Dan Gagliardo knows what you're thinking, driving by one of his D'Avolio shops.

"Most people who heard the concept or passed by the stores before we opened up said, 'These people are crazy,' " said Gagliardo. "Who's going to make it on olive oil and vinegar?"

But Gagliardo is not worried. The Lewiston businessman, who also owns Five West cable installers, Awnings Plus and Gagster's, a Niagara Falls restaurant, has opened three D'Avolio stores since June -- 830 Elmwood Ave., 5416 Main St. in Williamsville and 449 Center St. in Lewiston. They sell gourmet pasta, flavored salts and other cooks' delights in the stores, but it's mostly about the 23 varieties of extra virgin olive oil, and the same number of vinegars.

Customers can taste anything before they buy it, so people can see the products are worth it, he said. Everything except the white truffle oil is $15 for 375 milliliters. Bring back the bottle and they'll refill it for $13.50.

What made you think you could open a store selling just vinegar and olive oil?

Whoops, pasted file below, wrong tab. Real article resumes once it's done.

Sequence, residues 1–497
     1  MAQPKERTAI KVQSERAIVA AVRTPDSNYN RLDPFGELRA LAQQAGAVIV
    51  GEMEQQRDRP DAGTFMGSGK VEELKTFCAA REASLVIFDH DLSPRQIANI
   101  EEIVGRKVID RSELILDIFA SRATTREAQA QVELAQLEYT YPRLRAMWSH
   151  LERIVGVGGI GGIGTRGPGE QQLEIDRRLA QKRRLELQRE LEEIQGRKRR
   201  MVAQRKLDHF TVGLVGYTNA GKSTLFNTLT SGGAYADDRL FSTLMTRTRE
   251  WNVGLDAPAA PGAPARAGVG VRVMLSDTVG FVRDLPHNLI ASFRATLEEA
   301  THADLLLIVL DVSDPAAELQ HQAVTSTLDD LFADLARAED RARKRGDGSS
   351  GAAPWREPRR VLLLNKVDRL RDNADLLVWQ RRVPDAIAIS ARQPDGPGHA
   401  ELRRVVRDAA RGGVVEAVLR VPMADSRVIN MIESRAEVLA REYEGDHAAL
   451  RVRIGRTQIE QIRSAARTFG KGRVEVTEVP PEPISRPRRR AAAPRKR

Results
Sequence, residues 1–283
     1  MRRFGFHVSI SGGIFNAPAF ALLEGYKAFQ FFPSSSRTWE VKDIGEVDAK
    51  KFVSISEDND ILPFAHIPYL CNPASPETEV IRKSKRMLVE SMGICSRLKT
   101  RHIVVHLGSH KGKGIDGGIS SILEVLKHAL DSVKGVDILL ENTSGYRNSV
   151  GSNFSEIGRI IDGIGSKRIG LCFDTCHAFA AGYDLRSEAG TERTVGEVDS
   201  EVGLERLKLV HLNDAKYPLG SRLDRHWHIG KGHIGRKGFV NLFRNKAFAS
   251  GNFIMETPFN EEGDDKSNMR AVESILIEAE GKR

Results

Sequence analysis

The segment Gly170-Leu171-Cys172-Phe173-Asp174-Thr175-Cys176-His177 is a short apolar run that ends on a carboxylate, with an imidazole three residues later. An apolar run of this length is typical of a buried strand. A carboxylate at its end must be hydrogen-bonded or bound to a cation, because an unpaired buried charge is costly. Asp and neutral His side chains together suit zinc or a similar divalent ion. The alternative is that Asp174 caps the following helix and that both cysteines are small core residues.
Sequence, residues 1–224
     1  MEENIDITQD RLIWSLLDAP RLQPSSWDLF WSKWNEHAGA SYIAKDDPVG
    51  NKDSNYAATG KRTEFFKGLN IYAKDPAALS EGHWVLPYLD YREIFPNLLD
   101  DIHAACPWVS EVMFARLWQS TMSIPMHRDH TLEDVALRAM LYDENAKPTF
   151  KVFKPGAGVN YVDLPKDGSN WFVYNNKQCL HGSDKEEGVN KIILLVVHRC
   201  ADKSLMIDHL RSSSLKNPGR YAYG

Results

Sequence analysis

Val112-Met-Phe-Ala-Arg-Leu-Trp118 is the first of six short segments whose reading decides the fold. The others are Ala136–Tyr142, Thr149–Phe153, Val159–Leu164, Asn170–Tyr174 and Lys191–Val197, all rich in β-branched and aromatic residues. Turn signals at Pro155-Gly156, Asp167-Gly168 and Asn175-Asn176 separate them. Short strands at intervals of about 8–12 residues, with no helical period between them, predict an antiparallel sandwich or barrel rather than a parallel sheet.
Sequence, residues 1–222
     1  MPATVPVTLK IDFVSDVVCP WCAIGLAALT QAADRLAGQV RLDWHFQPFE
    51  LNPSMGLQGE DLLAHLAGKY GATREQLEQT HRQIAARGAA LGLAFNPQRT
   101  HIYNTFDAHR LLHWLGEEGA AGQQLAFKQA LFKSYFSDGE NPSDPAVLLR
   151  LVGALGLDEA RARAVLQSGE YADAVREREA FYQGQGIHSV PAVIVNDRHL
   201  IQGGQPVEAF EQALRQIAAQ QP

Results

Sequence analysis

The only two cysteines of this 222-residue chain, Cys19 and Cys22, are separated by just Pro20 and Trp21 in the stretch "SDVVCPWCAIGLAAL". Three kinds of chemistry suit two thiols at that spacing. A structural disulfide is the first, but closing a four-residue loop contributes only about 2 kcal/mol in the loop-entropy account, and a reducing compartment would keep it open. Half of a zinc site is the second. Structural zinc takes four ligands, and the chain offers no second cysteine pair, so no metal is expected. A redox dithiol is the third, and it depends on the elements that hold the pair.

"My daughters and I were visiting our home in Arizona. We were in Old Town Scottsdale and there was a little shop called Outrageous selling olive oils and vinegars. My oldest daughter said, 'Dad you have to come take a look at this.'

"We walked in and at first, you just don't understand. Why would you open up a store with olive oil and vinegar? That's exactly what I thought. So I walked in, I was intrigued, and I just fell in love with the concept."

You were so excited that two weeks later you met the distributor?

"There are about 120 of these stores across the country. What they do is get olive oil from every part of the world you could imagine. They buy the product from the individual farmers, and give us that product. The medicinal properties are much higher because there's no blending going on. Everything is first-pressed extra virgin. It's the best stuff you can buy out there."

Do you do mail order, too?

"I have a mail order business, but it's very small right now. The basic premise of this shop, the reason I've opened up so many of them, is convenience. I want people to be able to get it. I'm going to offer a delivery service when it gets a little colder.

"The idea is, you just want to be in these small communities. It draws the people there. All three locations that we're in, they're conscientious about what they eat. They care about it."

Delivery service? You must think people want your oil pretty bad.

"I do. I think that once people had it, you'll always want to cook with it."